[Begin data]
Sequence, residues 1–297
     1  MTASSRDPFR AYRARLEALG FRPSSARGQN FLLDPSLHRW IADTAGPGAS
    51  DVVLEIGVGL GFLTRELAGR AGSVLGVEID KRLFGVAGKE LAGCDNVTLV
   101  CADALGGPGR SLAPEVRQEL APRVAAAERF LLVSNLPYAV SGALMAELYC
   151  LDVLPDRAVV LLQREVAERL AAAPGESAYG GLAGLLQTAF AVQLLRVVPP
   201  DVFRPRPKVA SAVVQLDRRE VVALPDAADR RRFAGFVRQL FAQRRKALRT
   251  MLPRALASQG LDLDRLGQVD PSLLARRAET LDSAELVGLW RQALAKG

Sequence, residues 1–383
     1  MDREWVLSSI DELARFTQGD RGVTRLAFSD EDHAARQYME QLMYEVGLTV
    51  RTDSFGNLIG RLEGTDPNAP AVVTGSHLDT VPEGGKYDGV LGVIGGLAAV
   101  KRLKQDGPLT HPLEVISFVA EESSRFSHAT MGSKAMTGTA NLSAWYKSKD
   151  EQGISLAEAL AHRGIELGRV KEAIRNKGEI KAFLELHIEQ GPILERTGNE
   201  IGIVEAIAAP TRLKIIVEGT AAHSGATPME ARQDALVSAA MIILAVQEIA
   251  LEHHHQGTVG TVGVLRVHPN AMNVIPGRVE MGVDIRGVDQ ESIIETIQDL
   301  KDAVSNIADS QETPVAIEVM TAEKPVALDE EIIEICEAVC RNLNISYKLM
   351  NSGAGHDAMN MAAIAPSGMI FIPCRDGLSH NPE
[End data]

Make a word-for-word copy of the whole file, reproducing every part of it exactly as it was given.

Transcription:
Sequence, residues 1–297
     1  MTASSRDPFR AYRARLEALG FRPSSARGQN FLLDPSLHRW IADTAGPGAS
    51  DVVLEIGVGL GFLTRELAGR AGSVLGVEID KRLFGVAGKE LAGCDNVTLV
   101  CADALGGPGR SLAPEVRQEL APRVAAAERF LLVSNLPYAV SGALMAELYC
   151  LDVLPDRAVV LLQREVAERL AAAPGESAYG GLAGLLQTAF AVQLLRVVPP
   201  DVFRPRPKVA SAVVQLDRRE VVALPDAADR RRFAGFVRQL FAQRRKALRT
   251  MLPRALASQG LDLDRLGQVD PSLLARRAET LDSAELVGLW RQALAKG

Sequence, residues 1–383
     1  MDREWVLSSI DELARFTQGD RGVTRLAFSD EDHAARQYME QLMYEVGLTV
    51  RTDSFGNLIG RLEGTDPNAP AVVTGSHLDT VPEGGKYDGV LGVIGGLAAV
   101  KRLKQDGPLT HPLEVISFVA EESSRFSHAT MGSKAMTGTA NLSAWYKSKD
   151  EQGISLAEAL AHRGIELGRV KEAIRNKGEI KAFLELHIEQ GPILERTGNE
   201  IGIVEAIAAP TRLKIIVEGT AAHSGATPME ARQDALVSAA MIILAVQEIA
   251  LEHHHQGTVG TVGVLRVHPN AMNVIPGRVE MGVDIRGVDQ ESIIETIQDL
   301  KDAVSNIADS QETPVAIEVM TAEKPVALDE EIIEICEAVC RNLNISYKLM
   351  NSGAGHDAMN MAAIAPSGMI FIPCRDGLSH NPE